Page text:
Dumbleton, John of (DNB00)

DUMBLETON, JOHN of (fl. 1340), schoolman, was doubtless a native of the village of Dumbleton in Gloucestershire. Another John of Dumbleton was a monk at Worcester shortly before, and in 1299 was appointed prior of Little Malvern (Annales Monastici, iv. 542, 548, ed. H. R. Luard, Rolls Series, 1869); but the subject of this notice, though the church of Dumbleton was closely connected with the abbey of Abingdon (see the Annales Monasterii de Abingdon, passim, ed. J. Stevenson, Rolls Ser.), did not enter the monastic life, but became a fellow of Merton College, Oxford, the statutes of which excluded all but seculars. At what date he went to Oxford is unknown. The biographers say that he flourished in 1320, but such dates are notoriously in most cases conjectural. The college accounts testify to the existence of a Thomas of Dumbleton in 1324, but do not mention John until 1331. It is possible that ‘Thomas’ is a mistake for ‘John.’ On 27 Sept. 1332 he was presented to the living of Rotherfield Peppard, near Henley, in the archdeaconry of Oxford, which, however, he resigned in 1334. In 1338–9 we find him attending college meetings at Merton (Thorold Rogers, History of Agriculture and Prices, ii. 670–4, 1866). In February 1340–1 he was named one of the first fellows of Queen's College in the original statutes (p. 7, ed. 1853); but in 1344 and 1349 his name reappears in the books of Merton College. Whether at Queen's or at Merton, he may be presumed to have remained at Oxford for the rest of his life, and there to have written the works which won him a distinguished scholastic reputation, evidence of which may be found in the number of copies of his writings still preserved in the college libraries, as well as in the curious fact that the fame of John Chilmark [q. v.], which was not inconsiderable in the latter part of the fourteenth century, rested to a great extent upon a treatise, ‘De Actione Elementorum,’ which is in fact, according to the statement of its very title (Bodleian Library, Digby MS. lxxvii. f. 153 b), nothing but a ‘compendium’ derived from the fourth book of Dumbleton's ‘Summa Logicæ.’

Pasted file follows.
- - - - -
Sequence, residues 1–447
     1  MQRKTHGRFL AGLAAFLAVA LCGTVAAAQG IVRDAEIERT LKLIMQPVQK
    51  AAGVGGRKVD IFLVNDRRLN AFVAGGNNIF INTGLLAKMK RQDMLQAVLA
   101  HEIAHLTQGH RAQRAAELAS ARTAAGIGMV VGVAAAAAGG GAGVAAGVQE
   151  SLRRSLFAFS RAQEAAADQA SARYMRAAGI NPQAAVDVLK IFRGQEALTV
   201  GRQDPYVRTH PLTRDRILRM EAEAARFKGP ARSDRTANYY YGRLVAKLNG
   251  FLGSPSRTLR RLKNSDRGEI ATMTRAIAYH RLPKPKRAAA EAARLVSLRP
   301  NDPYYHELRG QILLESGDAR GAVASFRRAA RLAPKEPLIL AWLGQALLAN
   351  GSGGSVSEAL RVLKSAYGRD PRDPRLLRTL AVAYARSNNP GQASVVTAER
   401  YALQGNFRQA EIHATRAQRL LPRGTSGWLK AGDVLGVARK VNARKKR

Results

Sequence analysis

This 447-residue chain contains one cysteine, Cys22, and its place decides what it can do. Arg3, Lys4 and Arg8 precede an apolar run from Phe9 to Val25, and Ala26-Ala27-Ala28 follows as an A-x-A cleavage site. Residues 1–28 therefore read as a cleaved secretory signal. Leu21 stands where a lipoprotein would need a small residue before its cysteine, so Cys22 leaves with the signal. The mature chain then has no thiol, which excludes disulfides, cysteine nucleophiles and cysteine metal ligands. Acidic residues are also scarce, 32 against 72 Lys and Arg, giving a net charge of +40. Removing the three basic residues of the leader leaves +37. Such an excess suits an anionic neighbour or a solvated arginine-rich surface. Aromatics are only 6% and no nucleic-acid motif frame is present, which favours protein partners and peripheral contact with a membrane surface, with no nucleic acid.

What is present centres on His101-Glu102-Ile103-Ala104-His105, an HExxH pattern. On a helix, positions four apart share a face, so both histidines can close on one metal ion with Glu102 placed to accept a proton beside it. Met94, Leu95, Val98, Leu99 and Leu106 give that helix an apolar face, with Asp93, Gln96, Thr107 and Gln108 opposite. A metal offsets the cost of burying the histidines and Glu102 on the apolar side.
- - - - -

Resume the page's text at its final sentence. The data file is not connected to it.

Dumbleton wrote: 1. ‘Summa Logicæ et Naturalis Philosophiæ’ (Merton College, cod. cccvi. f. 9; Coxe, Catalogue, p. 121 b) in ten books; in another manuscript (Magdalen College, cod. xxxii.; Coxe, Catalogue, p. 20) it is comprised in nine books; while a third (Merton College, cod. cclxxix.; Coxe, Catalogue, p. 110 b), entitled ‘ Summa de Logicis et Naturalibus,’ is described as consisting of eight. Not less confusing is the title of the work. In a second manuscript at Magdalen College (cod. cxcv.; Coxe, Catalogue, p. 89) it is even styled ‘Summa de Theologia major,’ a work which Bale not unnaturally distinguished from what he called the ‘De Philosophia Naturali’ (i.e. the ‘Summa Logicæ’). To the former he assigned the ‘incipit’ of the prologue, and to the latter that of the first book of what is actually one and the same work. 2. A small treatise called by Bale ‘De Logica Intellectuali,’ but entitled in the Merton College MS. cccvi. f. 3, ‘Liber de Insolubilibus, de significatione et suppositione Terminorum, de Arte Obligatoria,’ &c. 3. Besides these books Bale enumerates a ‘Summa Theologiæminor,’ ‘Summa Artium,’ ‘In Philosophiam Moralem libri x.’ (apparently the same with the ‘Summa Logicæ’), and a commentary on the Canticles. As Bale does not mention the opening words of these writings, it is not possible to identify them; but there can be hardly a doubt that the commentary on Canticles is included in the list from a misreading of Leland, who ascribes the work to ‘Dumbelegus quidam,’ or Dumbley. 4. Wood refers to some verses by Dumbleton at Merton, beginning, ‘O rex Anglorum,’ which are to be found in the College MS. cccvi. f. 8, between the short logical treatise and the ‘Summa’ above mentioned; but beyond this juxtaposition there is no evidence to connect them with the name of Dumbleton.

[Leland's Comm. de Scriptt. Brit. cccxxvii. p. 325; Bale's Scriptt. Brit. Cat. v. 14, p. 394; Tanner's Bibl. Brit. 237; G. C. Brodrick's Memorials of Merton College, p. 190 (1885).]

R. L. P.